Microsoft Corp. Chief Executive Satya Nadella admitted Wednesday to buying business cards for employees to promote his new Apple products and said he was not trying to influence the company’s strategy, a person familiar with the matter said.
The admission came as Apple Inc. CEO Tim Cook has been pushing for the company to embrace Microsoft’s products.
Cook, a longtime Microsoft executive, also has been pressuring Apple to move more of its business products and services to Microsoft’s platform.
Nadella has been a longtime Apple customer, as has Cook.
He and his wife, Liza, who owns a tech company, purchased the Apple brand in 2013 for $1.7 billion.
Nadellas own stakes in Apple and Google, and are both senior partners at Microsoft.
The person familiar said the purchase of the Apple business card was not a direct request from Nadello.
The company is currently using a Microsoft business card.
It does not appear to have been paid for, the person said.
Microsoft said in a statement that it is “aware of the news reports that are circulating” about Nadeillas business card purchases and is “not in a position to comment.”
Nadellah also has an active Apple retail and corporate website.
The former Microsoft CEO, who was previously the chief executive of the Boston Red Sox, is now Apple’s CEO.
The company is the world’s largest mobile device maker, with a market cap of $65 billion, according to research firm IDC.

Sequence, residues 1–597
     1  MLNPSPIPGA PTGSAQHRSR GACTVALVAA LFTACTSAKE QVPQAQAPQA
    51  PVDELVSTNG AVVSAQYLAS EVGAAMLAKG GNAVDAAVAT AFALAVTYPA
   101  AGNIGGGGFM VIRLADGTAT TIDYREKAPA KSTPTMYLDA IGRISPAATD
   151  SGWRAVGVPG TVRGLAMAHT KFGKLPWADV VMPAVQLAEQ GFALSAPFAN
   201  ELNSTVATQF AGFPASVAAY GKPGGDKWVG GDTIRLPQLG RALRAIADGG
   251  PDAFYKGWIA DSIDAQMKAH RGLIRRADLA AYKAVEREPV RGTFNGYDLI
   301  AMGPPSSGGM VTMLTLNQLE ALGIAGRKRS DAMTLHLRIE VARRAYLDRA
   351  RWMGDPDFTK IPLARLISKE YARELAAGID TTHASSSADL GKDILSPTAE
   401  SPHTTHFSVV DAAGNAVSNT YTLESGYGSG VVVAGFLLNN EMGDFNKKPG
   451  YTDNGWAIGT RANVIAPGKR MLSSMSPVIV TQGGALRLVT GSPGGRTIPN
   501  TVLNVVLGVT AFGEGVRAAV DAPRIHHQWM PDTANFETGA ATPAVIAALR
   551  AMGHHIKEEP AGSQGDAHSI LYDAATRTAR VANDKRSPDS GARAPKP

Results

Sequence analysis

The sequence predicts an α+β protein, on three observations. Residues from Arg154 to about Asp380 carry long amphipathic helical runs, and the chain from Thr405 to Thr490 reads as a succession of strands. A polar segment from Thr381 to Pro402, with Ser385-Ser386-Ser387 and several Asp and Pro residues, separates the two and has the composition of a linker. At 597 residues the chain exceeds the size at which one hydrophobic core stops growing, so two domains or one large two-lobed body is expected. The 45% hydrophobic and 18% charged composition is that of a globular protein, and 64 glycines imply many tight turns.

The statement from Microsoft said Nadeellas business cards were “not a direct demand from Microsoft,” but rather “an opportunity to promote Microsoft products and experiences” and to create more personal interactions between the two companies.
Natellas purchase came as he faces pressure from Cook, who has repeatedly called on Apple to change its strategy and adopt Microsoft’s Windows platform.
The New York Times reported last week that Nadelledas business phone number was connected to a number registered in Ireland, which was used to buy and sell Microsoft’s corporate cards.
Cook, meanwhile, said Wednesday he has “a lot of friends in Redmond” and would like to see Microsoft adopt Microsoft products.
“I want to be part of it, and I think that’s why I’m going to be talking about it with Apple,” Cook told the New York Post.
“It’s going to help drive them to change and adopt Windows,” Cook added.
“I’m not trying that to change them, but to encourage them to do the same thing.”
Cook’s comments came a day after he met with Microsoft chief executive Satya Nelson, who is also Apple’s senior vice president for digital.
Nelson, who also chairs Microsoft’s board of directors, was also in attendance, according a person with knowledge of the meeting.